What is most notable about this excellent poem of love and how the speaker views the world and uses the way that all of nature mixes together to support his request that his beloved kiss him is the series of implied metaphors in the second stanza that describe various aspects of nature as if they were lovers. Let us examine this verse more closely:
See! the mountains kiss high heaven,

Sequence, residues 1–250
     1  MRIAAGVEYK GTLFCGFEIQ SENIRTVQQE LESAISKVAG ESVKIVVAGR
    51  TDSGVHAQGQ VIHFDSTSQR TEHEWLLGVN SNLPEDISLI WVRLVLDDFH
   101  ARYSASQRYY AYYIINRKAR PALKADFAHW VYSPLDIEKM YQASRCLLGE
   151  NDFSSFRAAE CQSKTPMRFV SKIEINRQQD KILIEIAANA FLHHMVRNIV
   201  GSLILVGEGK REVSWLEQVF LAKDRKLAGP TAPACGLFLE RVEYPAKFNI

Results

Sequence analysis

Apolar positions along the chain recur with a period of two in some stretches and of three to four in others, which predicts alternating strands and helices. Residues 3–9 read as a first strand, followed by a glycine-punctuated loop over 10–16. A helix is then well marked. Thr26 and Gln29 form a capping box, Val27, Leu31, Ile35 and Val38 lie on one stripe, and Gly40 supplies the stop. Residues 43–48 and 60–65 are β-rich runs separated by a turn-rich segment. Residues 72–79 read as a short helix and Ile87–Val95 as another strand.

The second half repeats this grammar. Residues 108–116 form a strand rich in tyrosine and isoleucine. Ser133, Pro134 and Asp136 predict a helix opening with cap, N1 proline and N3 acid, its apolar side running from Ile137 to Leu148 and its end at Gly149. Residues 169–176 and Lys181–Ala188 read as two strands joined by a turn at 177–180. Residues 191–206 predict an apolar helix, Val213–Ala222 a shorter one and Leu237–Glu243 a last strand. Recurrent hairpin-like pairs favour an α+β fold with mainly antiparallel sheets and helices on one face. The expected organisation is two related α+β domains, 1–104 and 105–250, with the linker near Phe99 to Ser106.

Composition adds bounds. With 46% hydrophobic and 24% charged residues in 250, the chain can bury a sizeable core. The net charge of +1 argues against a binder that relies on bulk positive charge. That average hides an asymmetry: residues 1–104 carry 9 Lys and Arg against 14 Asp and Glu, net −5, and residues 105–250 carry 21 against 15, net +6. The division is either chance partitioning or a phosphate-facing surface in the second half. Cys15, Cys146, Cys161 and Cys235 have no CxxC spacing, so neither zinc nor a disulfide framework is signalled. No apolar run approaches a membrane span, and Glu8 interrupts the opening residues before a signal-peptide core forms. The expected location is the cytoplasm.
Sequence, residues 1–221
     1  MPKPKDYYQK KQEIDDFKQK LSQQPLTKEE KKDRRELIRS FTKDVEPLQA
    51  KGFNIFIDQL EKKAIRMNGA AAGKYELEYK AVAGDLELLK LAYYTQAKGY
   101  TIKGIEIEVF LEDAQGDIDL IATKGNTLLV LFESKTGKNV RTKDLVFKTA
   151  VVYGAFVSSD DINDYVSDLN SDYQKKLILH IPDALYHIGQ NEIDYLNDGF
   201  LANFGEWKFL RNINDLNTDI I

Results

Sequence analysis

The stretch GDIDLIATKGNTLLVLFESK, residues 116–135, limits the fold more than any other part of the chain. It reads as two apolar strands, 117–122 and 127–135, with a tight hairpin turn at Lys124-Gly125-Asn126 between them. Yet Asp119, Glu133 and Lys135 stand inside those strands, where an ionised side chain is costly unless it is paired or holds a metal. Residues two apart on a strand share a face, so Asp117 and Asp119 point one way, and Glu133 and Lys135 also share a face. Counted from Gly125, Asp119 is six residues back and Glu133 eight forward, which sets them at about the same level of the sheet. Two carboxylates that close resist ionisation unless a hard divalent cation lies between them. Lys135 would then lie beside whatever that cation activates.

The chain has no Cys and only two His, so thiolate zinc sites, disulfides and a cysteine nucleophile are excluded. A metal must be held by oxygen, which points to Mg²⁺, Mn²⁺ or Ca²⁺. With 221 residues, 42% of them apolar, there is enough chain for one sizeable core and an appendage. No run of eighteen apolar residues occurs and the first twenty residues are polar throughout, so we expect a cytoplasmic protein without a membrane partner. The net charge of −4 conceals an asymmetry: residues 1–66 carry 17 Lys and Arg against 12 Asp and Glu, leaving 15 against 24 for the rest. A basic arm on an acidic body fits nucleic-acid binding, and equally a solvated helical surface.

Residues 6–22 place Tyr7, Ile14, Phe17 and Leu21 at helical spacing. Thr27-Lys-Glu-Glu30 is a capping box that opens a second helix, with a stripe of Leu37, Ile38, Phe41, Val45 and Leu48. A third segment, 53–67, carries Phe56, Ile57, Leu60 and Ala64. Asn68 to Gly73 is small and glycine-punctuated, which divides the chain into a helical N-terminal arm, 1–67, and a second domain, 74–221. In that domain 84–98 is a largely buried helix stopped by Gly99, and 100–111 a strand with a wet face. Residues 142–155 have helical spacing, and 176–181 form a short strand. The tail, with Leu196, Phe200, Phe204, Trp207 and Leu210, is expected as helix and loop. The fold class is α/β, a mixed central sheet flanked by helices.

And the waves clasp one another;
No sister flower would be forgiven,
If it disdained it's brother;
And the sunlight clasps the earth,
And the moonbeams kiss the sea...
Note the way that the mountains "kiss high heaven" as if they were lovers. The waves "clasp one another" in their embrace, just as the sunlight "clasps the earth." The moon, not to be outdone by the sun, allows its moonbeams to "kiss the sea." These series of implied metaphors serve to reinforce the central idea of the poem, which is the way in which all things are shown to "In on another's being mingle." Since nature teaches us this lesson, why should the speaker not be able to love his beloved?